lumpsucker

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lump·suck·er

 (lŭmp′sŭk′ər)
n.

[Obsolete lump, lumpfish; see lumpfish + sucker (from the suction disk of the fish ).]

lumpsucker

(ˈlʌmpˌsʌkə)
n
(Animals) See lumpfish
ThesaurusAntonymsRelated WordsSynonymsLegend:
Noun1.lumpsucker - any of several very small lumpfisheslumpsucker - any of several very small lumpfishes
Cyclopterus lumpus, lumpfish - clumsy soft thick-bodied northern Atlantic fish with pelvic fins fused into a sucker; edible roe used for caviar
References in periodicals archive ?
A recent addition, there are now three exciting new exhibits; quirky lumpsuckers, extremely rare British spiny seahorses and mesmerising Moon Jellyfish.
During 2015 there was an increase in the production of lumpsuckers and wrasse which are used as biological controls for parasites but there was a decrease in brown trout/sea trout and halibut production.
We had bonded previously through e-mail over our shared obsession with Pacific spiny lumpsuckers, an almost perfectly globular fish about the size of a grape.
David and I never saw a spiny lumpsucker on that dive, but we vowed to continue our search for the loveable lump when next he came out west.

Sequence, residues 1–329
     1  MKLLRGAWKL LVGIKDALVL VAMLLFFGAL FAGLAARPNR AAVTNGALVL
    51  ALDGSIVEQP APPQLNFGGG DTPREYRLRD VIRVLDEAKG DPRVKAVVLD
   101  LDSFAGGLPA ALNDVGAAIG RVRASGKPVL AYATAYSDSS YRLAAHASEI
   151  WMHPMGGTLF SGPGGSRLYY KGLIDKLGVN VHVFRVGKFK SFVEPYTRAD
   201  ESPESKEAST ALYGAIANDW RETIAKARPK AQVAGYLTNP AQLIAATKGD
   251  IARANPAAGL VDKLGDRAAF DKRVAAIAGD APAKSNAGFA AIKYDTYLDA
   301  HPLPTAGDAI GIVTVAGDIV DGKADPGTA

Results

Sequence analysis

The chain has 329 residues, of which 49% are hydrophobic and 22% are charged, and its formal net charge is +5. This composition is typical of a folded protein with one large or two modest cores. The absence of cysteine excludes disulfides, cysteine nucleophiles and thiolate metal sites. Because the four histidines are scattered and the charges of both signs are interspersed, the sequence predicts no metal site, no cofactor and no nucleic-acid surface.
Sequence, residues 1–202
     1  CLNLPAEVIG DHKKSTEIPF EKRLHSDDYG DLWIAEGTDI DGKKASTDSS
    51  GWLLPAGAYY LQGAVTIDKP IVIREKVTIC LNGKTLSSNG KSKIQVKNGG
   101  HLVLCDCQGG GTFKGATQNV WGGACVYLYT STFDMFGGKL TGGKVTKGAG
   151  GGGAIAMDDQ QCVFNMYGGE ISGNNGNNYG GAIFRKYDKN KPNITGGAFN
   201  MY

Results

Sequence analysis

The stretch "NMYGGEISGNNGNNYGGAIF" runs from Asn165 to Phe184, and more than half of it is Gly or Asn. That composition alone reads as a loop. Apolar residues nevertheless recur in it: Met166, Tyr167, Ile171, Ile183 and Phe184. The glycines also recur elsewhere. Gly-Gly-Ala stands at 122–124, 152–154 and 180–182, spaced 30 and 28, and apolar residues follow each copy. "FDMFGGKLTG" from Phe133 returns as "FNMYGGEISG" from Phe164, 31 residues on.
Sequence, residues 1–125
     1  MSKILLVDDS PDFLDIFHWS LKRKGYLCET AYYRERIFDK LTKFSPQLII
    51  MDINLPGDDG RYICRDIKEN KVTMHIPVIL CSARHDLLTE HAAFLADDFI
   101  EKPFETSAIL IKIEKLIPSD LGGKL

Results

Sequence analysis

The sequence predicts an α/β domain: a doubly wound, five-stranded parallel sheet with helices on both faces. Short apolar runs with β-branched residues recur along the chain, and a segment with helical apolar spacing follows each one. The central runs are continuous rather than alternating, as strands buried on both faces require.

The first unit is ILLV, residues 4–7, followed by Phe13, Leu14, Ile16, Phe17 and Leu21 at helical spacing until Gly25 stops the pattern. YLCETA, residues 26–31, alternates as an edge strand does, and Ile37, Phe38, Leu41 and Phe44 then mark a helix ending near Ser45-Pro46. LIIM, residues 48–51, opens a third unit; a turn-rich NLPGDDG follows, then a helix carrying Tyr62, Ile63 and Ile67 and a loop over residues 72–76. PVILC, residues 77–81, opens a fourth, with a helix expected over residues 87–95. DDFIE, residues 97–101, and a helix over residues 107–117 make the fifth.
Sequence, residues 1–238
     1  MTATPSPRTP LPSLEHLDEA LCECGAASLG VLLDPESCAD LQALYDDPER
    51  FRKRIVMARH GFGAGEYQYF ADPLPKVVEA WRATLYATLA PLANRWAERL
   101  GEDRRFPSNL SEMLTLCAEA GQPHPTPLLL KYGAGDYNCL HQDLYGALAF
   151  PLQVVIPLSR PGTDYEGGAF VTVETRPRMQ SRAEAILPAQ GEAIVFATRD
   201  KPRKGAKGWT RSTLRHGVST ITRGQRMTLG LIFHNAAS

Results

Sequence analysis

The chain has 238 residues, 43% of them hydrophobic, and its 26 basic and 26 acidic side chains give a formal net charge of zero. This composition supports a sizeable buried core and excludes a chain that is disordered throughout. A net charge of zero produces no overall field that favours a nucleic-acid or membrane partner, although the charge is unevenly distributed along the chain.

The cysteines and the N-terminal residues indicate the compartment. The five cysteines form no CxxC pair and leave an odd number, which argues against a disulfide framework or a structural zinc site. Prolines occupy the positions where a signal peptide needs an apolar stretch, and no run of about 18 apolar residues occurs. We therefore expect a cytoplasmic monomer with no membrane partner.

The fisherman has his own boat and had a lot of success catching the lumpsuckers," said Blue ref aquarist Amy Callaghan.
This display in Tokyo's Epson Aqua Stadium is of Pacific lumpfish, or lumpsuckers, The Ping Pong ball sized fish, or Eumicrotremus pacificus, uses a sucker disc on its belly to stick-like a suction cup to the rocks on the ocean floor where it lives off the island of Hokkaido.
LUMPSUCKERS or lumpfish are mostly found in the cold waters of the Arctic, North Atlantic, and North Pacific oceans.
Unknown to Lawrie, however, male lumpsuckers often die after fertilising the eggs.
Among the fascinating creatures of the deep you are likely to encounter are blue mouths, boar fish, conger eels, spider crabs, dogfish, lumpsuckers, giant crayfish, octopus, spurdog sharks and friendly rays.
I've seen a lot of lumpsuckers and, as the name suggests, they're a little bit ugly-looking.
Anglesey Sea Zoo's new displays for 2016 are lumpsuckers, moon jellyfish and rare British Spiny seahorses, now part of the Zoo's unique British seahorse breeding and conservation programme.
FRANKIE: We are unique in having only native British species here, and we have recently been granted European Fisheries Funding for 3 exciting new exhibits, so we will soon have both species of British seahorse in our breeding and conservation programme as well as lumpsuckers and jellyfish.